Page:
• • Who: Digital transformation requires a change in how institutions understand and engage with customers with the aid of digital tools and channels. This is an imperative and no longer up for debate. Unless this is done, nothing else is possible. This approach has the advantage of being realistic and manageable to implement.
  • • Where should the organization change to defend and extend market share, grow profits, and ensure relevance as digital technology evolves in the years to come?
  • • When should the organization invest in financial technologies? The simple answer “always” is in contrast with the realities of the possibilities of any financial institutions. By looking closely at competitors and the technology landscape, executives need to intercept low signals on how emerging technologies and disruptive rivals could attack their market shares. They need to create, deploy, and manage the strategies necessary to protect their market share and possibly identify ways to expand into new service/market domains using the digital transformation.
  • • How exactly is digital technology changing the way the organization’s customers behave and the way that existing, emerging, and potential competitors do business?

The next step is how to implement the new strategy. The answer is not the same for every business. Some businesses will have visionary leadership, agile processes, innovative cultures, open workforces with digital skills, and modern technology platforms, so they are able to embrace digital transformation more wholeheartedly.

In dealing with this digital innovation, it is important to refer to a model of innovation (Nicoletti 2016). Organizations should approach digital innovation in a holistic way. To approach this challenge, it is possible to refer to the combination of the Chandler model of connecting strategy and structure (1962) and the Leavitt Diamond model (1965), by considering the four connected variables:

  • • Structure (organization)
  • • Processes
  • • Technology
  • • Persons

An example of this approach applied to a digital strategy is shown in Fig. 4.1.

Conservative leadership, legacy technology, regulation, siloed processes, and non-receptive workforces may affect many organizations. Organizations will need to look at their assets—data, customers, resources, and channels—and find ways to put them to work in a digital world. In some cases, they might need to launch new products, or accept new business models or innovation groups to fast-track their digital programs.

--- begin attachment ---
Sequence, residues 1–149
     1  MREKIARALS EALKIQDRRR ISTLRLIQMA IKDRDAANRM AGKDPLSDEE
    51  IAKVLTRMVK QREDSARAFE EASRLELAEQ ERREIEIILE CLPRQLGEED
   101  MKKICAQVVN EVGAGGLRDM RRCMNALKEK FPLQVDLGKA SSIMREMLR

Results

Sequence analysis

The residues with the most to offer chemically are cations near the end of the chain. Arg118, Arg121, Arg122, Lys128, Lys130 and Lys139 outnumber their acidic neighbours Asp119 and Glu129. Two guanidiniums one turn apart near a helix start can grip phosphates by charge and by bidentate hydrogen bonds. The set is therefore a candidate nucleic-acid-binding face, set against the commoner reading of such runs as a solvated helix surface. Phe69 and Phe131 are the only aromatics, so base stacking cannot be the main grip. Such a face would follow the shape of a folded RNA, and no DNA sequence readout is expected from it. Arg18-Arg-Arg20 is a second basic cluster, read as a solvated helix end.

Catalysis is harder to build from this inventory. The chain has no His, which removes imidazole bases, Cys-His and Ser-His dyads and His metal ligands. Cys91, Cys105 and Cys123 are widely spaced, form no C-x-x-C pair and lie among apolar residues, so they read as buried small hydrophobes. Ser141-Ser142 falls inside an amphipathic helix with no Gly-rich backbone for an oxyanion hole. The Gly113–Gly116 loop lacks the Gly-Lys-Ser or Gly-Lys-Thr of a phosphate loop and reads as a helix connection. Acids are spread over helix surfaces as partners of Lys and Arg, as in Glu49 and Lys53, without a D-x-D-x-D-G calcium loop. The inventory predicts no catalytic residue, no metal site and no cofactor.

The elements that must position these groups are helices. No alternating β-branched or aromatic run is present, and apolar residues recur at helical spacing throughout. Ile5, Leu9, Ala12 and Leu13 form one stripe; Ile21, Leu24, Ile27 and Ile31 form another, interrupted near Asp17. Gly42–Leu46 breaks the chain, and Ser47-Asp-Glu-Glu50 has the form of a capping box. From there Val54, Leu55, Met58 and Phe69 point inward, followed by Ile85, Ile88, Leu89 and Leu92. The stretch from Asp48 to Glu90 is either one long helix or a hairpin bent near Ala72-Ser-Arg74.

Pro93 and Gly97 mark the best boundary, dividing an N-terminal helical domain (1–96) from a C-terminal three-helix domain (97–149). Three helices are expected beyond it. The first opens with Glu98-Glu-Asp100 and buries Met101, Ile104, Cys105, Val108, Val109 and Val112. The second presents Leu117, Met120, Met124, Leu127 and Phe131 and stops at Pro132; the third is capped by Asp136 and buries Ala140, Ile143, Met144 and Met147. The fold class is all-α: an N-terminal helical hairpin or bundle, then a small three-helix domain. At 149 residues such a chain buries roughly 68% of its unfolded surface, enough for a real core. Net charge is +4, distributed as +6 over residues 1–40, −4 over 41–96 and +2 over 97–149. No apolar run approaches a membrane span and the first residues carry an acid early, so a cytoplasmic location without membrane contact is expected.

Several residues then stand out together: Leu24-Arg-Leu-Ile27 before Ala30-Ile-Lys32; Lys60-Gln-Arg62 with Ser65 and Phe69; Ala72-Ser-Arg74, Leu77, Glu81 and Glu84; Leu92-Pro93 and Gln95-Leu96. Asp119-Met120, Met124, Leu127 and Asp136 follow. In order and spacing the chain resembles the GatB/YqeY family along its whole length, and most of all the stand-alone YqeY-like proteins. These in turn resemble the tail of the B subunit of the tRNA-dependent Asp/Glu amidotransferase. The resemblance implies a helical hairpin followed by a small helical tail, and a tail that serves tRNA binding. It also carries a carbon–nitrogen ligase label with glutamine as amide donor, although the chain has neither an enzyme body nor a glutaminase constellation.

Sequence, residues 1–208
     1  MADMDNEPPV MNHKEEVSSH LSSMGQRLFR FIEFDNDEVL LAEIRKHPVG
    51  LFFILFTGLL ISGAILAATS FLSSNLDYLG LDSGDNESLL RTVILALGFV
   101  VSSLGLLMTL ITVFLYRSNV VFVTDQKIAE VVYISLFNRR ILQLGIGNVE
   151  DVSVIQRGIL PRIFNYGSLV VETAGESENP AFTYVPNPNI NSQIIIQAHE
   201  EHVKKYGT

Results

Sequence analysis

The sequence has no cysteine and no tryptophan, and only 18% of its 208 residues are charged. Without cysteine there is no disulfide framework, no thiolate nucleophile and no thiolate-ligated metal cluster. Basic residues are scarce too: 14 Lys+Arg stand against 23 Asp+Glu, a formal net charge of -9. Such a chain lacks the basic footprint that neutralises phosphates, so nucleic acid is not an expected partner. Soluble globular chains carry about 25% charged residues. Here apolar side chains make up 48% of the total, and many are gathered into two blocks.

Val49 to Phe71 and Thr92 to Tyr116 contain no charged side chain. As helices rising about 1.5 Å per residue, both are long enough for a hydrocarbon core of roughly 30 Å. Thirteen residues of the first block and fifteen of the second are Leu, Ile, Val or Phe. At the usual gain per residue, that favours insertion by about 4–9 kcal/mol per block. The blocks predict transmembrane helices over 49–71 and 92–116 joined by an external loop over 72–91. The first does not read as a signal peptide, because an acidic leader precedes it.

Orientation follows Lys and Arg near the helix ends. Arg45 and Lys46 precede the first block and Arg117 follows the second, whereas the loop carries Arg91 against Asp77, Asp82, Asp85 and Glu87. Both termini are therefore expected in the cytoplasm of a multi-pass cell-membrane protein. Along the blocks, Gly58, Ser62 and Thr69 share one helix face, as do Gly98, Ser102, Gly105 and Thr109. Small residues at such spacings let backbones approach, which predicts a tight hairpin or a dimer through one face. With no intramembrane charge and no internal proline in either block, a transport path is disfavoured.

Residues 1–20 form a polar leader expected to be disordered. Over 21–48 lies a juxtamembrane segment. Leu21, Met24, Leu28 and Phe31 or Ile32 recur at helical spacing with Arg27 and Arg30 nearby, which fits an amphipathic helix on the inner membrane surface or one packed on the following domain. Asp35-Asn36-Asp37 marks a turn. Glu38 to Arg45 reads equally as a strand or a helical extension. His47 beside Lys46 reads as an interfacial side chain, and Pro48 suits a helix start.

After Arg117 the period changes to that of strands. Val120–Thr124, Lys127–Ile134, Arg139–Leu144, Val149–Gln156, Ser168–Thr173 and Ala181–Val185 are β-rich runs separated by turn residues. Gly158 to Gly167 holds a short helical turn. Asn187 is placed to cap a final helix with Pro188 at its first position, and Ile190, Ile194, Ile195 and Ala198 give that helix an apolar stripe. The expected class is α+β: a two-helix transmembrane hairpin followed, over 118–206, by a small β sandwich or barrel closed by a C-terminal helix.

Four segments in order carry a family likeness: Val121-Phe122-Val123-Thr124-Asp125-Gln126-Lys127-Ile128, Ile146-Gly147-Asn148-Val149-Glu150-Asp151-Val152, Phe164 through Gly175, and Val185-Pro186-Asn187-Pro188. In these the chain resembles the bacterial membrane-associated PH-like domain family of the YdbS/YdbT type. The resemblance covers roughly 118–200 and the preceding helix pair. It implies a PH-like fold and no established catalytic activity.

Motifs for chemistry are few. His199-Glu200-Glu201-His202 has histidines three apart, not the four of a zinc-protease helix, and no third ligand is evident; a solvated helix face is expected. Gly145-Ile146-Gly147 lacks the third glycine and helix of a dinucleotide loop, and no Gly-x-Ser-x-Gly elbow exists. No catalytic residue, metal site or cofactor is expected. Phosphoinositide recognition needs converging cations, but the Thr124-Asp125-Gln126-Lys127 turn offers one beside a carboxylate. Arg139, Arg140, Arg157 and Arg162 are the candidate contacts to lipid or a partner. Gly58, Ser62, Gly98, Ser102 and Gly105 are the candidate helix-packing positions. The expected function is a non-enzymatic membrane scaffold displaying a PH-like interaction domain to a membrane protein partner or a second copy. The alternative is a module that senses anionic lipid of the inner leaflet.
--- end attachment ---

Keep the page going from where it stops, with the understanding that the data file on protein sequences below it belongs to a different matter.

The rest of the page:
On the other side, for the digital transformation, it is important to look at the 3 Ps (Nicoletti 2014a):

• Products: The definition of services to be offered to the customers of the organization is really essentially.

A model for an integrated innovation strategy (Nicoletti 2016)

Fig. 4.1 A model for an integrated innovation strategy (Nicoletti 2016)

  • • Processes: The introduction of new products needs to consider also the changes in the processes. The two goes together in an innovation.
  • • People: Finally yet importantly, people must deploy and deliver the innovation. Executives should devote to them a very strong consideration and help individuate and foster the talents.

So ultimately, underpinning the organization’s ability to perform a digital transformation lies in its ability to define a vision, define a plan, organize, and make it real.

  • [1] Forrester Research 2015. The State Of Digital Business 2014, [online] Available at: http://blogs.forrester.com/f/b/users/NFENWICK /Infographic_1v4.pdf, Accessed 27 July 2016.
  • [2] Kipling R. (2013), Just So Stories, CreateSpace Independent Publishing Platform.